For towns large and small, it’s a wonderful life.
May 22, 2015
FORT WORTH CITIZENS recently paid homage to 92-year-old Jim Wright, who rose to be Speaker of the House in Washington, DC.
Two stories untold at the funeral date back to the late Christian statesman’s years as “boy mayor” of Weatherford. On a sleepy afternoon, he received two bird-related phone calls a few minutes apart. One caller on the west side complained of the growing sparrow population in his neighborhood. Another on the east side was angry that some youngsters with air rifles were firing at sparrows. “I relocated the kids with air rifles to the side of town where they’d be more welcome, thus pleasing both callers,” Wright said.
At a dinner honoring the late Larry Hagman–Weatherford actor who played JR Ewing on TV’s long-running Dallas TV series–Wright spoke of being Hagman’s boxing coach. “Thank goodness you weren’t my acting coach,” Hagman responded.
Home towns keep bars held high when they measure up to the ways they are remembered. Memories’ afterglow is abundant with “warm fuzzies.” We gather memory bouquets of roses, giving little thought to thorns encountered in their gathering.
Folks growing up in small towns believe experiences during their youth are unique, far different from others coming of age in the city.
Uniqueness, though–like much else–is in the mind’s eye of the beholder.
Adam Hill, a nine-year-old in Albany, Texas, is bound to have a trove of tales to one day tell his kids and grandkids. He’ll brag about growing up in a small West Texas community where it’s a given that parents “look after” all children—theirs and others.
With their “one for all, all for one” spirit, much of life in Albany is little different than thirty, forty or even fifty years ago.
The youngest of four children of Kevin and Kim Hill, Adam is making memories as an observer–and an occasional participant–in a popular summertime game. Sometimes, he joins older brother Ryan in what is called “Ding-Dong-Ditching.”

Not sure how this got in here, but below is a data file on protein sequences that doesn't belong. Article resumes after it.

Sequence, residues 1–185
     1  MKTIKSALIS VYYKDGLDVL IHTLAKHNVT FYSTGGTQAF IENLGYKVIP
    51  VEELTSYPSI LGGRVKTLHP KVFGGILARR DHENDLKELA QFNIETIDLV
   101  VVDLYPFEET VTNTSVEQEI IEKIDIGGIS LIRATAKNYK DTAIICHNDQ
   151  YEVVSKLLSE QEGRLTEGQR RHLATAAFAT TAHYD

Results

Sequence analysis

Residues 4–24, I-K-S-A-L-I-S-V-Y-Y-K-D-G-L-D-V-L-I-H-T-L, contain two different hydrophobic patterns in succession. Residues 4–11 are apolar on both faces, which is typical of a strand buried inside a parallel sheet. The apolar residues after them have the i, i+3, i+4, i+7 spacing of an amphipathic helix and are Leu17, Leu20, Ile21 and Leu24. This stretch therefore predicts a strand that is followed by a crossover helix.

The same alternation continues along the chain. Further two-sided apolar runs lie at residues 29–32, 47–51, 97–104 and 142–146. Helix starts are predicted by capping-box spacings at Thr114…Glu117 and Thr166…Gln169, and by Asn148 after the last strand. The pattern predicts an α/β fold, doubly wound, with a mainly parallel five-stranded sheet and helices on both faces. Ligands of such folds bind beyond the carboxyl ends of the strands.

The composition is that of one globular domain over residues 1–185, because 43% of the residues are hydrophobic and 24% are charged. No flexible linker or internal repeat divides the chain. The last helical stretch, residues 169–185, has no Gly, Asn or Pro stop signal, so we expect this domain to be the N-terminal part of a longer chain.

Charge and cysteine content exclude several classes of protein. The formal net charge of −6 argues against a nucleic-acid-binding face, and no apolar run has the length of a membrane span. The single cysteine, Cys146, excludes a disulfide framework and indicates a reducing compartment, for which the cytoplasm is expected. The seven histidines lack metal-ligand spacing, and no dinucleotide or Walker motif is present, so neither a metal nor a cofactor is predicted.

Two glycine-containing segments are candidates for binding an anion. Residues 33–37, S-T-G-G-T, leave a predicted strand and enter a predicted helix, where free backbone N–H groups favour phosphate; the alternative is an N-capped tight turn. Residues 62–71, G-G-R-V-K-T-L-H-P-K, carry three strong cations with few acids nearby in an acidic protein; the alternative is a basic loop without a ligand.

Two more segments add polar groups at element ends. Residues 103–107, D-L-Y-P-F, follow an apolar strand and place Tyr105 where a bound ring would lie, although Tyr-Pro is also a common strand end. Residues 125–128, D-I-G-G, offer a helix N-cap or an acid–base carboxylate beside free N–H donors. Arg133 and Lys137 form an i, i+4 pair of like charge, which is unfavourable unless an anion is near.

It’s kinda like Halloween, except the players are all in for tricks. Treats aren’t in the equation.
The game calls for children–most of them ten to twelve years of age–to ring doorbells, then running down the street, hoping to avoid being identified. “They don’t realize parents are a hundred percent ‘in’ on what’s going on, happily playing along by ‘chasing’ the children down the street,” Kim said.
When Adam participates, he’s always barefoot, sometimes “dressed down” to his underwear. During one of his recent “observation sessions,” darkness set in.
That night, one of Kim’s friends sent a text warning that bell-pushers soon would appear at the Hills’ front door. Overhearing the conversation, Adam hid in a front yard bush to take it all in.
Later, darkness fully in place, Adam asked, “Okay, Mommy—I have a really important question: Do cats sneeze?” Kim answered she was sure they do.
Adam was greatly relieved by her answer. “That’s good. When I was hiding in the bushes tonight, something in there with me sneezed, and I was sure hoping it was just a cat.”
Some accounts withstand the test of time, like a son who stubbornly showed up his dad years ago in Sulphur Springs. He accompanied his father, a longtime farmer, to the Sulphur Springs Cattle and Dairy Auction, where they planned to sell a cow and a calf.
A special needs son, he begged his pappy to sell the cow and calf separately. The old man was adamant, however, insisting they be sold as a pair.
The auctioneer was so instructed.
While his dad was getting coffee, the son–obsessed with a hunch that the animals should be offered separately–revisited the auctioneer. He said his pappy had changed his mind–they should be auctioned separately.
When the animals paraded separately into the ring, the farmer was furious, ready to march on the auctioneer. He mellowed quickly, however, upon learning the proceeds of the two sales would be several dollars more than if the cow and calf had been offered together.
“I never thought I’d ever see the day when a calf was worth more than its mammy and I was smarter than my pappy,” the happy forty-something son beamed.
Dr. Newbury is a speaker in the Dallas/Fort Worth Metroplex. Inquiries/comments to: firstname.lastname@example.org. Phone: 817-447-3872. Web site: www.speakerdoc.com. Archived: calebandlindapirtle.com, newbury blog.
Read more of Don Newbury’s humorous and inspirational stories in When The Porch Light’s on.